The Italians, Irish, and Jews are three of the most prominent immigrant groups in the history of late 19th-century New York City. Images of synagogues and churches, pushcarts and crowded tenements come to mind as walkers today stroll along the historic streets of the Lower East Side.
These days it is much rarer to find traces of Kleindeutschland, or Little Germany, a neighborhood that predated the mass migration of Eastern European immigrants during the late 1800s and once encompassed much of the Lower East Side and stretched northwards towards today’s East Village. If you look carefully, you will still find delightful hints of an era that has disappeared but left an indelible mark on New York City history.
The German immigrant community began to settle in Manhattan in the 1840s. By 1855, New York City had the third-largest population of Germans in the world after Berlin and Vienna. Most were educated and skilled in crafts; many bakers and cabinet makers at the time were of German descent. John Jacob Astor was born near Heidelberg before he built his multimillion dollar fur trade and real estate empire in America. John Roebling, the engineer behind the Brooklyn Bridge, had his roots in Muhlhausen.
The Puck Building on the corner of Houston and Lafayette was home to the J. Ottman Lithographing Company, who supplied printed illustrations for Puck Magazine, also in the same building. Puck was the first American political humor magazine published between 1876 and 1918 in both German and English. It was also the first magazine to employ full-color advertising and lithography but declined in readership as anti-German sentiment grew during World War I.
Oswald Ottendorfer was the owner-editor of the Staats-Zeitung, once New York City’s largest German-American newspaper. As a young man he was a German revolutionary during the mid-1800s and was educated at the Universities of Vienna and Prague. He was fluent in Hebrew, Latin, Greek, and several Slavic languages when he arrived in New York, but did not know English and, like many recently-arrived immigrants, was very poor when he started life in America.
The Germania Bank building on Bowery and Spring looks abandoned, but the ENTIRE BUILDING of 72 rooms and 32,000 square feet was purchased by Jay Maisel in 1966 for $102,000 and his family still lives here today.
The Germania Bank was opened by a group of local business owners in 1869 when many of the businesses along the Bowery were owned by Germans. Christian Schwarzwaelder, the bank’s president, owned a furniture store on 9 East Broadway. Joseph Kunz, the vice-president, owned a brewery at 225 East Houston Street and lived at 167 Bowery. Other founding board members included a butcher, an iron safe and furniture manufacturer, and a cigar maker. In late 1917, the bank’s Board of Directors filed a petition to change its name to Commonwealth Bank in response to anti-German sentiment.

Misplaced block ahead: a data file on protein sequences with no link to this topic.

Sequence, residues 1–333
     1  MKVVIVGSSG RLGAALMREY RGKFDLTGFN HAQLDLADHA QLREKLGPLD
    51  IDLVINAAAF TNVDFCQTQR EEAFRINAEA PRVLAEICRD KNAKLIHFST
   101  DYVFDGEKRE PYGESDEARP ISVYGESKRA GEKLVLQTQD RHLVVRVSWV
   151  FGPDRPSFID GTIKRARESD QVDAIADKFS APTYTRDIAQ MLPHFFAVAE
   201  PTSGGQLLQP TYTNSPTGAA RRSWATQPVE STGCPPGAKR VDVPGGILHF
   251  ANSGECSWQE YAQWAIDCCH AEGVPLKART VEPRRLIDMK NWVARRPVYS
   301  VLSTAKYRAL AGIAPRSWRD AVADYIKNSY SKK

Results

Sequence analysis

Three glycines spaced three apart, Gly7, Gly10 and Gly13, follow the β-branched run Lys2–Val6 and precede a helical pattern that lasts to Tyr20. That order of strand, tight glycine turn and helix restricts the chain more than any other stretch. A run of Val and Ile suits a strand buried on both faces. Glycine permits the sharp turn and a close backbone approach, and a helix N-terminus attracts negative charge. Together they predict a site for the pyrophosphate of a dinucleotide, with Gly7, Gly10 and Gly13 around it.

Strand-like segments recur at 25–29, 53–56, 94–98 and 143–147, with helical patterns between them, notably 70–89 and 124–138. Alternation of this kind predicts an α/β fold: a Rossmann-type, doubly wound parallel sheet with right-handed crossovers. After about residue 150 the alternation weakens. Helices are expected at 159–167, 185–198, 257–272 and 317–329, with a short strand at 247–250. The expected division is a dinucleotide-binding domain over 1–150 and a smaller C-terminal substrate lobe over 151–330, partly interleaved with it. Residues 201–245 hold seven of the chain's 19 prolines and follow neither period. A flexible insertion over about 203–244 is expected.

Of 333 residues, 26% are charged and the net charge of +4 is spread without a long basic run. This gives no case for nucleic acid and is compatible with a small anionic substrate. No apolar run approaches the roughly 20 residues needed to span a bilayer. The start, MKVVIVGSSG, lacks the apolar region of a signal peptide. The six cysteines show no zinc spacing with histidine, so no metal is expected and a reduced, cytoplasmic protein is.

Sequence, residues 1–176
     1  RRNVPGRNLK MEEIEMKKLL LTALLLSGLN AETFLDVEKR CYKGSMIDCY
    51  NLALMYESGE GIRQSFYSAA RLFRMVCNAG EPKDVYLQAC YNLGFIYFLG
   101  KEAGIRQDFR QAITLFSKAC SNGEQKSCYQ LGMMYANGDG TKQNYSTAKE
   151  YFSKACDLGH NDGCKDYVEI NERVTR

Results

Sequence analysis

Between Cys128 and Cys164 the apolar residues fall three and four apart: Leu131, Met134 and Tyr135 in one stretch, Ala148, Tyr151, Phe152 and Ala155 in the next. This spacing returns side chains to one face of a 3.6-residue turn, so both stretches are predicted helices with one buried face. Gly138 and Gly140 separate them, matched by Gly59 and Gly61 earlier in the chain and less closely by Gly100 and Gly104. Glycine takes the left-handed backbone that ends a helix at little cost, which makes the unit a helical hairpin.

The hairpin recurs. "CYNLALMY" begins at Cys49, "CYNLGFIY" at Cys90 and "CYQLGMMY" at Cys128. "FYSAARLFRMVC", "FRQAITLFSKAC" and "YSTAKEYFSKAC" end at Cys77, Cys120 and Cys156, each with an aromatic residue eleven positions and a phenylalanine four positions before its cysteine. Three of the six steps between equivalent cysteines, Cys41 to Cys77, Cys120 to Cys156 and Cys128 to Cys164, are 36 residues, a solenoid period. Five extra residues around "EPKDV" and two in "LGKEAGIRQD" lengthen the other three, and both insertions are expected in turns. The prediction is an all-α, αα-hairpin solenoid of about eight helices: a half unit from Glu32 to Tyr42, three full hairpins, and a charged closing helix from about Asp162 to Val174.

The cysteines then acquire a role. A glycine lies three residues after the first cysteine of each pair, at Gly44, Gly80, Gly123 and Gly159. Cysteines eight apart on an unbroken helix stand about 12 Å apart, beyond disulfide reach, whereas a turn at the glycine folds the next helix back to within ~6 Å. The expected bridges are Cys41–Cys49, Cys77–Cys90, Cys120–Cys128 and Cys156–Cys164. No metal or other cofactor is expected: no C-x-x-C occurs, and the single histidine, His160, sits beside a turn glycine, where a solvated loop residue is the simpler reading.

By the beginning of the 20th century, Little Germany was home to 50,000 people. It was called Dutchtown by the Irish and Avenue B was the German Broadway. Avenue A had plenty of beer halls, oyster saloons, and groceries. Sports clubs, libraries, shooting clubs and theaters proliferated. Small factories and workshops operated in the neighborhood and access was through alleyways.
As more Eastern European immigrants moved into the neighborhood, Little Germany’s residents began to move north to Yorkville and across the river to Williamsburg, Brooklyn. The German population severely declined with the General Slocum disaster of 1904. Over 1,300 women and children from St. Mark’s Evangelical Lutheran Church rented a steam-paddle boat to bring them to a Long Island picnic site to commemorate the ending of the school year.
A fire started in the storage compartment, and although there were life jackets and rowboats on board, they were in disrepair. An estimated 1,021 people died by fire or drowning, many of them members of Little Germany’s most distinguished families. The General Slocum disaster caused grieving family members to commit suicide and survivors to squabble over the distribution of a Relief Fund. Many fingers were pointed at people who were thought to have been responsible for the tragedy. The city would not see a greater tragedy until September 11th, 2001.
The German community was never able to fully recover from the tragedy and dispersed as they tried to forge new beginnings for themselves.
As German immigrants assimilated into the mainstream folds of “American” life, it became harder to hold onto the past traditions of everyday life, especially under the shadow of Nazism during World War II. Germans in New York City continue to be a people proud of their history and contributions to American society. Although it is more difficult to find tangible reminders of their distinguished past, their story is a familiar one of hard work and striving to fulfill their dreams in a different land.